We have continued our engagement with HMRC regarding the proposed changes to the Flat Rate Scheme and submitted our comments and concerns to HMRC.
HMRC explained the nature and scale of the abuse of the Flat Rate Scheme (FRS) at meetings attended by representatives of the CIOT and other stakeholders, although much of this had already been reported in the media. However, the CIOT is of the view that the proposed measures may not curtail the abuse and will almost certainly result in a high degree of ‘collateral damage’.
We are surprised that HMRC has concluded that it cannot effectively challenge the abuse using the existing legislation and legal principles, and encouraged them to revisit those conclusions before implementing this proposal. It should be remembered that using existing legislation allows past underpayments of tax to be collected; relying on new legislation does not.
We are concerned that the proposals will not prevent the abuse, and a number of mechanisms to continue to take advantage of the changed system have already been mooted in articles and on social media. HMRC are aware of some of these ideas and will be devising anti-avoidance legislation accordingly. This is understandable, but we are concerned that it will also add further complexity to what is becoming an increasingly complicated ‘simplification’ measure.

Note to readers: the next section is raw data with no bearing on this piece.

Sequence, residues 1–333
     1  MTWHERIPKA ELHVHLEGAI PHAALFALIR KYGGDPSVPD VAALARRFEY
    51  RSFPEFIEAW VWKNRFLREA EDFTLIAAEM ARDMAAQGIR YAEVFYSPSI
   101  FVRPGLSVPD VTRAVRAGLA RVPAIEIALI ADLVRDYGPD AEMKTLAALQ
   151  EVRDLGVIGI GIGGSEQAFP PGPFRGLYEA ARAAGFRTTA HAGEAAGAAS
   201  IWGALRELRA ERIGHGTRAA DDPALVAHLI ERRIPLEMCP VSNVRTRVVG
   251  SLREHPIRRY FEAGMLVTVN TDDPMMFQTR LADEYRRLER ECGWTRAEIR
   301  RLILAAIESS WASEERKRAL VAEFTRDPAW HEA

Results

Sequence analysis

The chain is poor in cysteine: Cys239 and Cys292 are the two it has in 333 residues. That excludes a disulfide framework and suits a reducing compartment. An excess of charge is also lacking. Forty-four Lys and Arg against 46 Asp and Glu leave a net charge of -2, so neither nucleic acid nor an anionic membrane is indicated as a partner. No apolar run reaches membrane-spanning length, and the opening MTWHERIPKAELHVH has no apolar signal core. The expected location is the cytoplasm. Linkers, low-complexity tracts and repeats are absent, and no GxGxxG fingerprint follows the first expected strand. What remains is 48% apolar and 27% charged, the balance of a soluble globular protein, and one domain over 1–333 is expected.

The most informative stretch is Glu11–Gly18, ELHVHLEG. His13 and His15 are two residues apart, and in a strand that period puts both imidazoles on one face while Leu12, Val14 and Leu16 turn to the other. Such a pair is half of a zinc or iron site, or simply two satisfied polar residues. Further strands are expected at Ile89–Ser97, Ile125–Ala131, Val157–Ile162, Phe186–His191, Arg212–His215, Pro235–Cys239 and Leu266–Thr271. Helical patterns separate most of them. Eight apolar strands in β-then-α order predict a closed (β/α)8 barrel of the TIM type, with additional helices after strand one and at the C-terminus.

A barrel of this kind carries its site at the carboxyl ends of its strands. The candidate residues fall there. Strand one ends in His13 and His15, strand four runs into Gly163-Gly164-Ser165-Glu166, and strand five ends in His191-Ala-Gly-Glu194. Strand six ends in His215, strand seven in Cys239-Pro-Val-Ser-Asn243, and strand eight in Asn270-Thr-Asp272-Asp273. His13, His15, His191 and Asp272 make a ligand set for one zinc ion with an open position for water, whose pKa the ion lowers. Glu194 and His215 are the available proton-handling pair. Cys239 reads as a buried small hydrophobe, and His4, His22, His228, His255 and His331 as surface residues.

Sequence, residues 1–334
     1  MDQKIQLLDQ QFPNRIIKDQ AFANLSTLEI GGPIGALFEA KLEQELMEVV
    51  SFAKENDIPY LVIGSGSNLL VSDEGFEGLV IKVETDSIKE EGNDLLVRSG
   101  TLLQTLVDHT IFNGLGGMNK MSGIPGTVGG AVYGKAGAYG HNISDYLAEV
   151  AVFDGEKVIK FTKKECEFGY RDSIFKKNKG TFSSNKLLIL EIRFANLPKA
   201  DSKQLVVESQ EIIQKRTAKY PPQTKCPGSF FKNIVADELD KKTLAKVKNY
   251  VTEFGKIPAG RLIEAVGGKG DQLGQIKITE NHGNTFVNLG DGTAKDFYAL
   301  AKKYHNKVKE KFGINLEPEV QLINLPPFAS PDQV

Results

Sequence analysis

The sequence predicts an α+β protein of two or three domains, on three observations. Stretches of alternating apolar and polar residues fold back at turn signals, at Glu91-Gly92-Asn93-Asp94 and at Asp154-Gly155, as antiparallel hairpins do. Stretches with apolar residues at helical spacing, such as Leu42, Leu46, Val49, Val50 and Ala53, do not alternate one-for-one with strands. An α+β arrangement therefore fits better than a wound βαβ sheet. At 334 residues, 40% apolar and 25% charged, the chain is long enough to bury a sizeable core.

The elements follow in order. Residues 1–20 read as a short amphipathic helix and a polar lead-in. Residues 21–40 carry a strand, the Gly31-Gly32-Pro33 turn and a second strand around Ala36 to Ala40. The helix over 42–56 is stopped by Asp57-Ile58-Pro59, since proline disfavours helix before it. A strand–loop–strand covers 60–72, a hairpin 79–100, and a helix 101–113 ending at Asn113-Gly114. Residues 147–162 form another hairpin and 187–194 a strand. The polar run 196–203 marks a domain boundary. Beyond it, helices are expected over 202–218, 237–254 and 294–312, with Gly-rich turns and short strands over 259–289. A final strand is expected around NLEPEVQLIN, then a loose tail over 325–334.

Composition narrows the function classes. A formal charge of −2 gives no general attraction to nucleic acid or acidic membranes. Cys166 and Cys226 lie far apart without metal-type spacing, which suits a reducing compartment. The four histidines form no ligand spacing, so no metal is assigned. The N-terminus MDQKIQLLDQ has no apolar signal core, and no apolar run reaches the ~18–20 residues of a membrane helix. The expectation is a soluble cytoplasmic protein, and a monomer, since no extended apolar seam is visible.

HMRC’s explanatory notes provided estimates of the impact of the proposed changes, such as the number of businesses who might become ‘limited cost traders’, how many FRS traders will revert to normal VAT accounting etc. We think that HMRC has underestimated the extent of the impact on the ‘innocent’, particularly for the service sector and mobile businesses.
The measure is also extremely complex so, even with an effective online tool, it will be difficult for many businesses to understand the detail of the new rules. For example, understanding what are supplies of goods and what are supplies of services for VAT purposes is often unclear (software, gas and electricity, subscriptions etc.), and therefore basing the definition of a ‘limited cost trader’ on the value of goods purchased is not straightforward.
Are there alternatives?
HMRC explained that they have considered numerous alternative measures to prevent the abuse, but we think some of these should be explored further, such as restricting the FRS to businesses required to be registered for VAT, or tightening up the associated business rule (if it is believed to be less effective than intended). We also question the long term prospects for the FRS in the light of Making Tax Digital, particularly if records of income and expenditure will need reporting to HMRC on a quarterly basis.
Direct tax issues
HMRC have not indicated whether they will also seek to prevent abuse of the Employment Allowance, which is a feature of many of these arrangements. We suggest that HMRC takes a joined up approach to challenging these schemes, rather than acting in silos.
Our full submission can be found on the CIOT website.